• See also a different paper from 2013 about constraints on modified gravity theories, including scalar-tensor and f(R) (or at least some of the f(R) theories). It's fair to note that scalar tensor theories have been in many cases ruled out by data before, and now they invented a way to screen the scalar field and explore those options. A lot of the reason for the alternative theories is to explain dark matter and energy, since we still have not found the responsible particles in dark matter, and dark energy is harder. iopscience.iop.org/article/10.1088/0004-637X/779/1/39/meta – Bob Bee Mar 8 '17 at 4:31
• Thank you for those links, I'll take a look. That was my primary concern with scalar tensor theory, the fact that the PPN parameter $1-\gamma \approx 10^{-5}$ constrains $\omega$ to "ridiculous" values... – Frotaur Mar 8 '17 at 5:54

However, I am unable to understand the appeal of these [modified gravity] theories. Are they studied purely for the sake of studying them, or are there underlying reasons?

People study such theories for many different reasons. Here is a list with some motivations, mainly from cosmology, for why this has been a popular research field over the last few decades:

• The accelerated expansion of the Universe. This is often called the biggest puzzle of modern cosmology. The observations so far is well described by adding a simple cosmological constant to General Relativity, but it's plagued by some theoretical problems like it's extremely fine-tuned value. This has motivated people to look at alternative explanations like modified gravity (among many other things). The accelerated expansion is a cosmological effect and GR is only really well tested on small scales so it's natural to ask if this effect could be due to modifications of gravity (though so far most of the models that have been proposed introduce more problems than they solve).

For a review see: Clifton, Ferreira, Padilla and Skordis "Modified Gravity and Cosmology"

• Testing gravity in new regimes. Gravity is very well testing the Solar-System, but the length-scales associated here are tiny compared to the size of the observable Universe. With current and upcoming large cosmological surveys we are finally in a position to be able to produce high precision (percent level) constraints on how gravity operates on the largest scales in the Universe. This will either strengthen the evidence for General Relativity or show evidence for new physics. Whenever we test a model it's always very useful to have alternative models available. This gives us something to test it against and alternative models might show new interesting effects which can lead us to completely new ways of testing our standard model.

For a review see: Will "The Confrontation between General Relativity and Experiment" ; Koyama "Cosmological Tests of Modified Gravity" ; Jain "Novel Probes of Gravity and Dark Energy"

• The discovery of screening mechanisms This is related to the point above. One of the first scalar-tensor theories (see Brans "The roots of scalar-tensor theory: an approximate history") discovered, Jordan-Brans-Dicke, is not so interesting anymore as it's constrained to be so close to GR that it's modifications are tiny in almost all situations (plus the unnaturally large value of the JBD paramter). One can however construct more elaborate scalar-tensor theories that have the property that they can hide their modifications in regions of (relative) high density thereby by evading the tight Solar-System constraints on gravity while at the same time give rise to large deviation from GR on cosmological scales. This opened the door for many different types of interesting signatures one could go and look for in observations (and also in laboratory experiments on Earth, see e.g. Burrage and Copeland "Using Atom Interferometry to Detect Dark Energy", "Numerical forecasts for lab experiments constraining modified gravity").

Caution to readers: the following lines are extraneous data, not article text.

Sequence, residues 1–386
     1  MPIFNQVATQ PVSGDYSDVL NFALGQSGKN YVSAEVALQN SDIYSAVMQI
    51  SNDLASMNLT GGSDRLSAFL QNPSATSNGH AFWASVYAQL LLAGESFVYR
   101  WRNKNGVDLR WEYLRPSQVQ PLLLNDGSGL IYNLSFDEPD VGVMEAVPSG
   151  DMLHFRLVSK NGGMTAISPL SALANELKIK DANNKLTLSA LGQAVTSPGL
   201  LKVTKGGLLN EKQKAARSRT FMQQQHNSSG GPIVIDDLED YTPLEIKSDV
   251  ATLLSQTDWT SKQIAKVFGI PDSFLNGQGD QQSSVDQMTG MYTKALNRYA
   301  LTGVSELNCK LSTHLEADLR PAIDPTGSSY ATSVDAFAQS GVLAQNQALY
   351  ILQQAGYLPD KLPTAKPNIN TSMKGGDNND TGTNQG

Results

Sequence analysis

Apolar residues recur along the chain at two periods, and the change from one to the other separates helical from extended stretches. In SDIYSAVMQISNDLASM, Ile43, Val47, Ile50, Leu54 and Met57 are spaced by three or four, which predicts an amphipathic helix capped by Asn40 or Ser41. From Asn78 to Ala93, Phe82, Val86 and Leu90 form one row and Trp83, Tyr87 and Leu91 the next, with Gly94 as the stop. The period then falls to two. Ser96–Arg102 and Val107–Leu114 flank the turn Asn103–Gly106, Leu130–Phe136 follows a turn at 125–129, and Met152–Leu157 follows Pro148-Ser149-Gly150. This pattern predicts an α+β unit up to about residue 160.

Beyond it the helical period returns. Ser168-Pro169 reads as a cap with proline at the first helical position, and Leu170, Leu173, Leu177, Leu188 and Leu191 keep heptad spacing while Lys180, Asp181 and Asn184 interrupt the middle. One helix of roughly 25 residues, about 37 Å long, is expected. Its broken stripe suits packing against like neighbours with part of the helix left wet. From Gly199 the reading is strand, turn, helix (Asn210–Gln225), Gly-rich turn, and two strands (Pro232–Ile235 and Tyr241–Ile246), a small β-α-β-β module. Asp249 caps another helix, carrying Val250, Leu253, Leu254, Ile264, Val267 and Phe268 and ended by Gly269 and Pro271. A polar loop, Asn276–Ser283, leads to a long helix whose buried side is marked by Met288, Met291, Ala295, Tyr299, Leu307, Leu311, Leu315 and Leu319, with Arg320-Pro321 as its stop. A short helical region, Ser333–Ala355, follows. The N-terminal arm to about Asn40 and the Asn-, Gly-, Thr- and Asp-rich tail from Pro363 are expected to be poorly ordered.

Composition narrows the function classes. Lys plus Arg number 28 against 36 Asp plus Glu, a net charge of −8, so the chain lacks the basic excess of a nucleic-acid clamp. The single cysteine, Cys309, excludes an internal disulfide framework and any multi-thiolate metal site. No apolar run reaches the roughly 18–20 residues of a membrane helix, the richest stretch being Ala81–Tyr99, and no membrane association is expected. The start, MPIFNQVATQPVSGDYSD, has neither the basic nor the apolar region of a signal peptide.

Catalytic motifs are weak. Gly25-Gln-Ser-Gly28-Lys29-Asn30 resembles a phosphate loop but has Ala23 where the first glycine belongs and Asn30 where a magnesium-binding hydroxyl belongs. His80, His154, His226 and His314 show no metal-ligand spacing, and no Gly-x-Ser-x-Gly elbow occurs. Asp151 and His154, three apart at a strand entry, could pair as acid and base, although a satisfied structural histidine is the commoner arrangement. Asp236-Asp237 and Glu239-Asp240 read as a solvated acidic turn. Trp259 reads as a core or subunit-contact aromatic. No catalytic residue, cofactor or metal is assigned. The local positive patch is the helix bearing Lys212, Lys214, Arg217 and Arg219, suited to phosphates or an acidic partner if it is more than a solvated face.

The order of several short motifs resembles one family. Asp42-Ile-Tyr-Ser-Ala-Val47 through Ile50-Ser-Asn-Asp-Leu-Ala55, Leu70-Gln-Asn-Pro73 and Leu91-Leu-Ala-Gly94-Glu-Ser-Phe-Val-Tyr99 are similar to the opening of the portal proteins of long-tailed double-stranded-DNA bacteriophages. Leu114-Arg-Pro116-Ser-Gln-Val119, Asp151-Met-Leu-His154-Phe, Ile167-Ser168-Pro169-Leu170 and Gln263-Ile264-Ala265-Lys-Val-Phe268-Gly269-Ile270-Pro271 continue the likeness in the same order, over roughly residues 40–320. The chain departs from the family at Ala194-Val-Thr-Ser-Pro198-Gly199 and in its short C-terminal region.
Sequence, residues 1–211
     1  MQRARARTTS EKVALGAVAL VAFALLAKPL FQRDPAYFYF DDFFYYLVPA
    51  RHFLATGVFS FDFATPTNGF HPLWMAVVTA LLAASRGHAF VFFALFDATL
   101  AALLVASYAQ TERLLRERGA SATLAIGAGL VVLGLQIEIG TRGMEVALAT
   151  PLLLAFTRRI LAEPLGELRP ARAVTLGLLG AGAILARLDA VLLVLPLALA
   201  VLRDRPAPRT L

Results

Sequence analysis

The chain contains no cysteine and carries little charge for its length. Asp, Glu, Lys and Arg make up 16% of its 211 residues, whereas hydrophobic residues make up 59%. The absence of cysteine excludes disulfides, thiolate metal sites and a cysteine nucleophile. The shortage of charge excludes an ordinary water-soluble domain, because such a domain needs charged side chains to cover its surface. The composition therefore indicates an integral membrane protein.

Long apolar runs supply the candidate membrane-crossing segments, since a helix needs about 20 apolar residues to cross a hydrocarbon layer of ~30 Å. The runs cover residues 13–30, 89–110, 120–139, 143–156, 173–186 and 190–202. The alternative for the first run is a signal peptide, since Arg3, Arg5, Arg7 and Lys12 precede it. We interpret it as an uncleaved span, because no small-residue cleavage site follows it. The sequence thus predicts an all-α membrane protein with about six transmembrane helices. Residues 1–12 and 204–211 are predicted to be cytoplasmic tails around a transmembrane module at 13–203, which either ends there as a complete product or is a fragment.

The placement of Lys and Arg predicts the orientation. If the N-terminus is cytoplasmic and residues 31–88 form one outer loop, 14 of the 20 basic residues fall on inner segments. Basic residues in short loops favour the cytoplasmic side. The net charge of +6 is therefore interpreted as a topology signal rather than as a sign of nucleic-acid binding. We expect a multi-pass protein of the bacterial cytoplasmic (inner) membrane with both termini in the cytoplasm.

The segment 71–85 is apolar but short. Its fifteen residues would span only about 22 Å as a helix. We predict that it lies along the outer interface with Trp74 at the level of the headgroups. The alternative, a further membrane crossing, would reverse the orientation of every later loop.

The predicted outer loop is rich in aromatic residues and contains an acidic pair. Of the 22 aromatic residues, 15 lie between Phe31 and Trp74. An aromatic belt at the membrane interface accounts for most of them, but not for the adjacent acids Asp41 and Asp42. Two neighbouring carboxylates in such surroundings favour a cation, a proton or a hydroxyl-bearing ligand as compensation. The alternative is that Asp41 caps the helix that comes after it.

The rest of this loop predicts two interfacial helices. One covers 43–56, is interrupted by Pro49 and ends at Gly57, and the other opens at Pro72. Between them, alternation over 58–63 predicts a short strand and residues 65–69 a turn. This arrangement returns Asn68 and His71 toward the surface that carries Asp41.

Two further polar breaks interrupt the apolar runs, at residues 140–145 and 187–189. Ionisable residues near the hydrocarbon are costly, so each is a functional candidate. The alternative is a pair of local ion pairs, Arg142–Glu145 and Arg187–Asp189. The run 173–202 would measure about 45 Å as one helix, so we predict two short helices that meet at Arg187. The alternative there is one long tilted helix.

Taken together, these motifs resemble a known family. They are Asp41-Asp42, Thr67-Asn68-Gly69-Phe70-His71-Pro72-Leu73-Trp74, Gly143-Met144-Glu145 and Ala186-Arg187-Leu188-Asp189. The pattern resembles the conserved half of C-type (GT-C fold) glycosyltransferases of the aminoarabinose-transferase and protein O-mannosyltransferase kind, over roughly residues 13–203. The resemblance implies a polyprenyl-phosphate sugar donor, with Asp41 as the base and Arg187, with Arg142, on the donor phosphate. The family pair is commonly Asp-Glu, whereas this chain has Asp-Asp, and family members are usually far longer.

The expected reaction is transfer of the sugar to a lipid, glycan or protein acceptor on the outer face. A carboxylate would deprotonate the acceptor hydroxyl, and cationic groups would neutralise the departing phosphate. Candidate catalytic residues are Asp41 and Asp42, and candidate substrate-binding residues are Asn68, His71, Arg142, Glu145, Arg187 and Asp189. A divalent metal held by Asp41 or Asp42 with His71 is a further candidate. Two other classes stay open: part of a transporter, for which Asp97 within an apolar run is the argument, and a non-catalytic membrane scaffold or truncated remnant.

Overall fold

For a review see: Joyce, Jain, Khoury and Trodden "Beyond the Cosmological Standard Model" ; See 1312.2006 for a low-level introduction.

• Dark matter. This was perhaps the main motivation that started the modern interest in modified gravity. It was discovered in the 1980s that one could describe rotation curves of galaxies with a very simple modification of Newton's law of gravitation instead of particle dark matter. These proposals are not so popular anymore after it was found that one generally needs to add some real dark matter to explain all the observations, but there are still people working on this.
• Theoretical motivations. Apart from the obvious ones: the cosmological constant problem and quantum gravity, there are other interesting theoretical problems where modifications of gravity could be relevant. For example massive gravity, GR with a mass-term for the graviton, was though to be plagued by instabilities for decades. About a decade ago the original theoretical obstacles that was in the way of deriving a consistent theory of massive gravity was overcome (but with new challenges appearing). This gave new hope for a consistent theory of a massive graviton. One could also add to this the discovery of theories with large extra dimensions (brane-world models) which was quite popular in the mid 2000s and lead to much research (mainly as they had mechanisms to give self-acceleration of the Universe, but also for it's purely theoretical properties).

For a review see: de Rham "Massive Gravity" ; Dvali, Gabadadze and Porrati "4D Gravity on a Brane in 5D Minkowski Space"